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Skopje, 13 September 2018
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Mr Prime Minister [of the former Yugoslav Republic of Macedonia, Zoran Zaev], first of all let me say how happy I am to be again with you, with the Deputy Prime Minister [for European Affairs Bujar Osmani], with the Foreign Minister [Nikola Dimitrov], with so many of your citizens, in Skopje, this time in heart of your beautiful capital.
And let me say how proud I am to be here today, the very same day when you addressed for the first time ever the European Parliament, where you received a standing ovation when describing the future perspective of your country. As you said in Strasbourg, where I had the pleasure of welcoming you, that you felt at home, let me say that I feel at home here, because we share the same home which is Europe.
Like for you, also for me the horizons are very clear: your place is inside the European Union. We want to see you move forward, with the same vision and the same enthusiasm that you have personally, and also together with your government, always shown.
With political courage, with leadership and with responsibility, you have worked – and are continuing to work – tirelessly to bridge gaps, overcome historic difficulties and achieve breakthroughs. I know how big this investment is, for you personally and for your government.
This courage, this leadership, this responsibility culminated in the historical moment when the whole of Europe saluted the name agreement with Greece. But more than that, that moment reconfirmed the power of diplomacy and dialogue in Southeast Europe. It also became a very powerful inspiration for the Western Balkans' region and beyond.
I was personally privileged enough, I was honoured, I was proud to attend, together with Commissioner [for Neighbourhood Negotiations and the European Neighbourhood Policy, Johannes] Hahn, the signing ceremony that you and Prime Minister [of Greece, Alexis] Tsipras, together with your governments, organised at the beautiful Lake Prespa.
At the same time, your country has also managed to secure very good progress on the path towards the European Union. This is an achievement for the whole society, the government and the opposition alike. I was also proud to recognise this, speaking at the Parliament, together with you [Zoran Zaev] last time I visited here to pass this message, that unity in this country is bringing results for all.
You made progress, results in a way that was unimaginable only one year and a half ago, and the European Union responded to that. The Council in June set out a clear way forward towards the opening of accession negotiations in June next year. To walk in this direction is again a responsibility for all in the country: the President, the Government, the opposition, the citizens of the country.
My message to your citizens – all of them – today is this: remember that on the 30 of September when you go and vote at the referendum, you hold the keys to the future of your country. It is in your hands, and only in your hands, and nobody else can do it for you. And you cannot afford to stay silent and miss the opportunity to express yourself on what kind of future you want for your country.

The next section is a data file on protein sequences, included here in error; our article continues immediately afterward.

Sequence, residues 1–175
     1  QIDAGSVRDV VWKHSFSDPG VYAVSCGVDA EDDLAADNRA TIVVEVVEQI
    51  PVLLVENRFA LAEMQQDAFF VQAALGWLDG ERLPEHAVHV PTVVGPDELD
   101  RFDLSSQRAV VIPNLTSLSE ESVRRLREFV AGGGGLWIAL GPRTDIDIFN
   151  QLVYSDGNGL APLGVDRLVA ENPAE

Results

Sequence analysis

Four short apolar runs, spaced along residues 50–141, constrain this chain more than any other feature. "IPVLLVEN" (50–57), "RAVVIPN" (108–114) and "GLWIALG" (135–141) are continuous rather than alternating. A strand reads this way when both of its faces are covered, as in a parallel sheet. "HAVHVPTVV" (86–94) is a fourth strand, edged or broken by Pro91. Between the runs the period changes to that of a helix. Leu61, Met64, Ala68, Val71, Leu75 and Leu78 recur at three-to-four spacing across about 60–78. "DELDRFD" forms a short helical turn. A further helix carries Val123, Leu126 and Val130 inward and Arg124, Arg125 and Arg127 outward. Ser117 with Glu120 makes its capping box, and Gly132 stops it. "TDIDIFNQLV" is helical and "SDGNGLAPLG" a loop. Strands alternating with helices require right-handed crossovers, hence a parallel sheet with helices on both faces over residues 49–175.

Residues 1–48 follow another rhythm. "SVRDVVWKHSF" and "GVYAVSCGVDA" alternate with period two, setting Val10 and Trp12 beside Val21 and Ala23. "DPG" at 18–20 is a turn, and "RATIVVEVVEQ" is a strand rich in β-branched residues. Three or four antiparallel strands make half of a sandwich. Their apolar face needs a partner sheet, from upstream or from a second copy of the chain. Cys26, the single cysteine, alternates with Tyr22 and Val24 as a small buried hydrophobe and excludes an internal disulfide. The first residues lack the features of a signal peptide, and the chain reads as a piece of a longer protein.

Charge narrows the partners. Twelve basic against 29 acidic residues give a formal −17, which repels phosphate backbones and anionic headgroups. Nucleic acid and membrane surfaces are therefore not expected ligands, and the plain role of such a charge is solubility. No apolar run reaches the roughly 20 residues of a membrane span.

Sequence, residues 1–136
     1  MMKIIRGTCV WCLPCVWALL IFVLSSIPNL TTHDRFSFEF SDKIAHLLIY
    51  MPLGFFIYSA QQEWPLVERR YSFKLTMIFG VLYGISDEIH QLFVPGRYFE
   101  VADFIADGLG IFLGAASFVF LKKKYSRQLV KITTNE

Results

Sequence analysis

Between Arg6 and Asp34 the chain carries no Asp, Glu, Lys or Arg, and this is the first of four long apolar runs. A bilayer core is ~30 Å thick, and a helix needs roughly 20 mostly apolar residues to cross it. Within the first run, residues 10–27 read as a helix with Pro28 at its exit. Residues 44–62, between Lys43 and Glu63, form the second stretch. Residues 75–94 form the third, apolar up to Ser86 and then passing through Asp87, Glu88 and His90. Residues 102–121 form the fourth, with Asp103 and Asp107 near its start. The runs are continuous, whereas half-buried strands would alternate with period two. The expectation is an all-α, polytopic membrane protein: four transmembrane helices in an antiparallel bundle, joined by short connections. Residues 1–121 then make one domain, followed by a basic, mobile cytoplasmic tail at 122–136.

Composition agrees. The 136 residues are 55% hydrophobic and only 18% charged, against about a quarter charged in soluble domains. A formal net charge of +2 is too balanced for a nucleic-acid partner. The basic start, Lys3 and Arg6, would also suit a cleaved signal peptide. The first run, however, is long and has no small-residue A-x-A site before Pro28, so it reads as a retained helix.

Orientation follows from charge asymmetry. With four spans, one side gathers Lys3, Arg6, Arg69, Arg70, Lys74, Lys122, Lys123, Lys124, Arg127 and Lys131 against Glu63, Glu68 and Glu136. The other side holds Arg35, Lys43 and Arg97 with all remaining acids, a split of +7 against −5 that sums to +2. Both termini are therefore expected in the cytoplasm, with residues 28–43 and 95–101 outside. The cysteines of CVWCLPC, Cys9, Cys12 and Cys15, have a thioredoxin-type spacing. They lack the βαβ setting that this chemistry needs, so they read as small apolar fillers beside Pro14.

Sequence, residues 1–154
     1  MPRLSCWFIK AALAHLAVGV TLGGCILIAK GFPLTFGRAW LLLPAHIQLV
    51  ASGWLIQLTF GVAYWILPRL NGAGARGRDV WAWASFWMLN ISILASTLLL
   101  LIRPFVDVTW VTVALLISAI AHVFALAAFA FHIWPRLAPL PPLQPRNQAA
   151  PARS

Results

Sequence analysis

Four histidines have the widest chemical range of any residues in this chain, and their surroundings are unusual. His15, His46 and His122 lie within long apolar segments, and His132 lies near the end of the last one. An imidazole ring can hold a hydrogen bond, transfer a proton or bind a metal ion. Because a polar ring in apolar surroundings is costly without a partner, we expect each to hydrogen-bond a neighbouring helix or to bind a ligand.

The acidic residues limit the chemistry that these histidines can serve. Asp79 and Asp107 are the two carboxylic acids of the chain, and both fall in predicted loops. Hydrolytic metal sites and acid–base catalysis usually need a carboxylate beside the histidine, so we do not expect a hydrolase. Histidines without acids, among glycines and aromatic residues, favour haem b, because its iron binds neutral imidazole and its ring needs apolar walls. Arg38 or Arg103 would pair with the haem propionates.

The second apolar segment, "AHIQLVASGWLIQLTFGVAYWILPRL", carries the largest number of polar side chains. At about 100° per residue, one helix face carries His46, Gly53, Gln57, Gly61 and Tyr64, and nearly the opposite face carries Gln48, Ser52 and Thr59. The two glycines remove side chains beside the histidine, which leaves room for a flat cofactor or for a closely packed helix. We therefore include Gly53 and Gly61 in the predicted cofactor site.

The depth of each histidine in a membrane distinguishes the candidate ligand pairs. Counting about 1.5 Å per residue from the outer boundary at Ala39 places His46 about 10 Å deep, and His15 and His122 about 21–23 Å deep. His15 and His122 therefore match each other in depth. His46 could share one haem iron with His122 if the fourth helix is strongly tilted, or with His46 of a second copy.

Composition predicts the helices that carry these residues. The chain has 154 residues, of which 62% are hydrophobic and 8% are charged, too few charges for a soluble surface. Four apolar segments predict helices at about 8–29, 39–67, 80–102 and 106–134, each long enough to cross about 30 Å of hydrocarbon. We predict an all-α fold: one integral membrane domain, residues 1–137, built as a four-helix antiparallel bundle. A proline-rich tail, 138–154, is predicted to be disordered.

These are not elections, and this is not about politics. You want to make sure that when you wake up on Monday 1 October, you can be proud of the choice you have made for your country, yourself and for your children – no regrets.
To conclude, my message, the message of the European Union here is this: the doors of the European Union are open for you. First of all, because we know that together we can achieve a lot - and you, Mr Prime Minister [Zoran Zaev] reminded us today in Strasbourg how much we can do together for all our people, for our prosperity, our security and our stability. Our doors are open, you hold the keys; our side is determined; let us try to make this commitment work. Once and for all you have a historic opportunity in your hands.
Thank you once again for your personal commitment, for the work and the commitment of the entire government, starting from the Deputy Prime Minister [Bujar Osmani] and the Foreign Minister [Nikola Dimitrov] and also thanks to you and to your citizens for a wonderful warm welcome in the heart of your wonderful capital that is a capital of Europe.
Question on referendum
It is not my role to enter into domestic politics, neither here nor in any of our Member States. But it is my responsibility and, I believe, my institutional duty to invite all to take the opportunity to use the instruments of democracy and express whatever position they have, be it in favour or against the agreement. Democracy is precious. This region knows it well. And whenever you are called to express yourself and participate in the shaping of the future of your country, you should use it. It is more difficult and it is impossible to complain about whatever happens later, if you do not take your responsibility in the moment when you are called to do it.
I hope that the citizens of the country will take that possibility to express themselves. As I said, I am not indicating or entering into the definition of inviting for voting one side or the other, but what I am saying is this: For too many years, this country has been waiting outside the doors. I know very well the sense of frustration you have accumulated in these years, and we know very well that now we are in a different place. Now, the European Union is telling you: the doors are open; you have in your hands the possibility of solving the name issue that has been standing in the way for so long. It is up to you.
Link to the video: https://ec.europa.eu/avservices/video/player.cfm?ref=I160340